The fool’s lines in Act 3 Scene 2 of King Lear make an ironic echo to the immediately preceding passionate invocation by Lear, the famous passage where he implores the maelstrom of nature to consume him because he is so deeply in grief due his perceiving the betrayal of his daughters. Lear says: “Blow, winds, and crack your cheeks! Rage, blow!/You cataracts and hurricanoes,/ spout Till you have drenched our steeples, drowned the cocks!” (1-3) These lines imply erotic and sexual imagery, alongside Lear’s naked pain and rage. In response, and keying on the aforementioned sexual imagery, the fool replies:
“He that has a house to put`s head in has a good headpiece.
The codpeice that will house
Before the head has any,
The head and he shall louse;
So beggars marry many.
The man that makes his toe
What he his heart should make,
Shall of a corn cry woe,
And turn his sleep wake.
For there was never yet fair woman but she made mouths in a glass.”
The central irony of the fool’s response is that it is, ostensibly, delivered by a fool. However, the sophisticated metaphor, wordplay, and double-entendre in the fool’s response indicates not only a wise and witty retort, but a deep-seeing and worldly knowledge, given ironic and tragic juxtaposition with the King’s primal invocation to the forces of destructive nature.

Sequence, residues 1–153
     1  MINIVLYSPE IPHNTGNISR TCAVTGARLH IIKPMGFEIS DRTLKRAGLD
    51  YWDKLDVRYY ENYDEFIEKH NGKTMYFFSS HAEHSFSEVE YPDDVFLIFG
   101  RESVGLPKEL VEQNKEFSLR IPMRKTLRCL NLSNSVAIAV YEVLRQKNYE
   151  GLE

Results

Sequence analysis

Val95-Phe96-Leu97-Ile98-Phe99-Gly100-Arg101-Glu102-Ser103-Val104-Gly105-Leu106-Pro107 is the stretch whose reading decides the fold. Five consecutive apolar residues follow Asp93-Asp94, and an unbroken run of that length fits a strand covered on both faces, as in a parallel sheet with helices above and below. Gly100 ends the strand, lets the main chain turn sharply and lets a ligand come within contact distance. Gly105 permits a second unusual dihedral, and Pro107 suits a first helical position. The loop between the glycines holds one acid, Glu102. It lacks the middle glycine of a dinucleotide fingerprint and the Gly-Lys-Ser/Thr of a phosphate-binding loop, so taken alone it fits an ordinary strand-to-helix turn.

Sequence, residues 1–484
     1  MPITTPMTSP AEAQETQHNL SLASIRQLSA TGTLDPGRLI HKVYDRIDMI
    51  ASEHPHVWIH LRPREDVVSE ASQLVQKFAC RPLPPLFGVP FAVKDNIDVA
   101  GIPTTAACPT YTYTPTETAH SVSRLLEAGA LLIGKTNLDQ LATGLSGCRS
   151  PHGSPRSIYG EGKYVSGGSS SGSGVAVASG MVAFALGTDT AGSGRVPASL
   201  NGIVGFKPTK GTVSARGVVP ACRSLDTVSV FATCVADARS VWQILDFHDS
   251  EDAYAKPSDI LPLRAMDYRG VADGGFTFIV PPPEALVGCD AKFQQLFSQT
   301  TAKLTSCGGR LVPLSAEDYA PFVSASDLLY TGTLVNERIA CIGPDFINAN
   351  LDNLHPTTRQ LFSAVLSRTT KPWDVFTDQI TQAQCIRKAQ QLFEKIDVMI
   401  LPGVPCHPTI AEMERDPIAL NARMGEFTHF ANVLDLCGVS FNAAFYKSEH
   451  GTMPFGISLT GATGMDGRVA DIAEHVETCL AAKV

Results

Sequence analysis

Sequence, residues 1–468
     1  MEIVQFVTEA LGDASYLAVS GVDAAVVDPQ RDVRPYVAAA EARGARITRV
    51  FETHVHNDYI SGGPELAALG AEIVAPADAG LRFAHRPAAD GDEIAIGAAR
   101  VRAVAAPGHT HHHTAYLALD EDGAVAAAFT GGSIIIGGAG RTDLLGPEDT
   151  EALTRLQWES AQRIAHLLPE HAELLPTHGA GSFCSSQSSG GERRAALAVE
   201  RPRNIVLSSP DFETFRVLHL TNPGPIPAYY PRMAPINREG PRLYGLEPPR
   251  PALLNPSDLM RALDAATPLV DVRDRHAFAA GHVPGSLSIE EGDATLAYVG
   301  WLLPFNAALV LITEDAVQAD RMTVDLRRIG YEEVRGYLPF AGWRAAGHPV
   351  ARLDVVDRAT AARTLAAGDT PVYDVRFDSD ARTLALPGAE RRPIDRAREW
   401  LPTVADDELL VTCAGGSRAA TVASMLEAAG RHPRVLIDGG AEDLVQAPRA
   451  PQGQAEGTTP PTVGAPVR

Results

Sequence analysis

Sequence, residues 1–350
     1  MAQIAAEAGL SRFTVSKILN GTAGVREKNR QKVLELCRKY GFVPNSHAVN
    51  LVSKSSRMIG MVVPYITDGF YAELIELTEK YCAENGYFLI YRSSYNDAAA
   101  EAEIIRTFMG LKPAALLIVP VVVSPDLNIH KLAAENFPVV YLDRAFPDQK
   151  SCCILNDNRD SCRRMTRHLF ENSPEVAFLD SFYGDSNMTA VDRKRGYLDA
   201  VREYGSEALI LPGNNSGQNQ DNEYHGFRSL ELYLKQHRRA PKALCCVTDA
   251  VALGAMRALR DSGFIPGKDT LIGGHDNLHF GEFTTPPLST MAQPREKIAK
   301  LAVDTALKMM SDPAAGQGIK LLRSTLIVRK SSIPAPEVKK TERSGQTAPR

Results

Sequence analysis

The fool’s advice is that one must be pragmatic “He that has a house to put’s head in has a good headpice,” which is to say: “the man who has a solid home is a smart man, he has a good head on his shoulders.” This bit of useful advice is quickly expanded upon by the fool, through an extension of the wordplay involving the phrase “head,” which finds sexual connotation in the fool’s observation that “the codpiece that will house/ before the head has any” is a direct indictment of lust prevailing over reason.
It is worth noting that the fool’s words are delivered in the manner of a world-wise individual , not the chipper and curious wanderings of a naive ponderer, but the quasi-cynical observations of an experienced soul, one whose wry observations begin with noting the futility of a man attempting to identify with the entirety of nature, the drama and epic scope. Rather, the man should be humble take care of his “head” and his “home.” The fool’s admonitions conclude with dire warnings concerning the nature of women, and particularly their potential sexual proclivities and deviances. The fool seems to be suggesting throughout his clever reply to Lear that the King has allowed women to influence his life far too heavily; the fool hints that Lear’s faults are rooted in vanity, that he has been thinking with the wrong “head,” so to speak. And this vanity, which has feminized Lear, by the fool’s reckoning, is the same vanity that affects beautiful women themselves, who, the fool concludes, spend all of their time looking in mirrors.
The mirror image in line 38: “For there was never yet fair woman but she made mouths in a glass” is both fascinating and technically brilliant because the fool’s words have, in effect, functioned as a mirror for Lear’s own self-involved imploring. The fool’s words, as a mirror to Lear’s instability, reveal that Lear, rather than invoking destructive nature in his passion, she rather invoke within himself an authentic “manliness” or vigor, which will allow him to do as the fool advises: to have “a good headpiece.”